This week the 45 at 45 belongs to Jose Feliciano, on the way back down with Light My Fire. An interesting thing here was that it made him a hot property, including getting an invitation from baseball broadcaster Ernie Harwell to sing The Star Spangled Banner at game five of the 1968 World Series. His slowed down, Latinized version surprised everyone, and some stations refused to play him afterwards for the "sacrilege" (No American Idol back then, dontcha know), and according to the author at Wikipedia, "put his career into a slump that lasted three years." HOWever, let's look at the stats, shall we: First of all, his recorded Star Spangled Banner charted at #50. If you remove his two anomalously big hits, his average chart position for his career was 67. I'm not sure you can say that a lot of damage came his way, since his four singles up to and including the incident- and LMF- averaged 65.
|Ey, what about mental distress? PTSD?|
Big dropper this week is Whatcha See Is Whatcha Get, falling 28 to #53. The big climber we'll see in the top 40.
And now... the Sweet Sixteen!
Strange Magic vs Rag Doll (voters unanimous behind ELO): This is a tough one for me. As close to an even match as I have had yet. So, I'll give this one to the voters. ELO moves on.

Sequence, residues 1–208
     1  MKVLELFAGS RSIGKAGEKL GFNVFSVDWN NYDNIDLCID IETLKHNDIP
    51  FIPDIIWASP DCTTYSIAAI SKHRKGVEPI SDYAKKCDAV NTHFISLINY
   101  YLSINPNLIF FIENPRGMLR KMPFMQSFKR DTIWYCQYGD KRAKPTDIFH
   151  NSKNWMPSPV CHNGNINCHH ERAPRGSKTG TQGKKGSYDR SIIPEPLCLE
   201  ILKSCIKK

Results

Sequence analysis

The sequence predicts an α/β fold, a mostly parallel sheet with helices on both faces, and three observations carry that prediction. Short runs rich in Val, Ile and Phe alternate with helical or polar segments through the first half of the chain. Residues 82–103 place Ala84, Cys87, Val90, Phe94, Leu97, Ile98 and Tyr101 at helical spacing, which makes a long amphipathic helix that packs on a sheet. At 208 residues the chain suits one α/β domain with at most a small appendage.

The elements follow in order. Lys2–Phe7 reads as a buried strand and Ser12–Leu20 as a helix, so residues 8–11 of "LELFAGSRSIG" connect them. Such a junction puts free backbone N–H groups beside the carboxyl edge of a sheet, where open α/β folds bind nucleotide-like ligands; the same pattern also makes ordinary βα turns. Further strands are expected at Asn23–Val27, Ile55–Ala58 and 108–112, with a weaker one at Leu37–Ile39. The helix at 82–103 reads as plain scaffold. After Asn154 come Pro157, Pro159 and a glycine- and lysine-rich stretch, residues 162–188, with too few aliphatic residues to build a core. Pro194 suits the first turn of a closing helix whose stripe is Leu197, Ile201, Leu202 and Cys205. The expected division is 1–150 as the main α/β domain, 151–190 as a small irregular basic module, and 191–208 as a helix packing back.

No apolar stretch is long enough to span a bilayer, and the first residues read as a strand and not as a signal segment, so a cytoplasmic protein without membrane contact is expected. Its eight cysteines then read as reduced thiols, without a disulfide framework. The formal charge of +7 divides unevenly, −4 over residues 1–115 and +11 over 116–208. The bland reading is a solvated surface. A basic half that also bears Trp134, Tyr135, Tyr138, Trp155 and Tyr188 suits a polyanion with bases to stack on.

Summer Breeze vs Nights Are Forever Without You ( 2-1 for Seals and Crofts): GRRRR... I'm punting to the voters again. Summer Breeze wafts along.
My Little Town vs Theme To A Summer Place (2-1 for Simon and Garfunkel): I got this one. Summer Place moves on.
Mr. Blue vs Angel Of The Morning (Merilee Rush's version- 2-1 for the gal with the gorgeous eyes): Merilee and the Turnabouts move on.
Love Is Blue vs We've Only Just Begun (2-1 Carpenters): My gut reaction was Love Is Blue. Thought makes it much harder. In the end, I guess having Karen around on a desert island is a good thing. She and brother move on.
No Time vs Listen What The Man Said (2-1 for the Guess Who): Making this conditional puts a whole new spin on things, to wit: my three favorite songs of all time are No Time, Strange Magic, and Sherry. One is out; one has survived by the grace of the voters... and I'm putting out the third. Wings move on.
Tammy vs Wishing You Were Here(3-0 Chicago): I was really surprised (as you might have gathered) that Debbie Reynolds made it this far. But like all good mid majors, there's a time to be Cinderella and a time to bow out. Chicago moves on.
Wichita Lineman vs Incense and Peppermints (2-1 for Glenn); I guess a song that mentions snow would have a hard time here on Gilligan's Island. The Alarm Clock rings on.
Final eight play off next week! Stay tuned for the pairings, if you don't already have it dialed in.
|Skipper? I hear music...|
Moving up 7 to land at #38 is Tommy James with I'm Coming Home. That Delaney and Bonnie cover of Only You Know And I Know moves 12 to #35, and the week's big mover- climbing 22 spots to #33- James Taylor with Long Ago And Far Away.
Montana- the best I could do here is Pearl Jam's Jeff Ament. Don't they even sing to their sheep?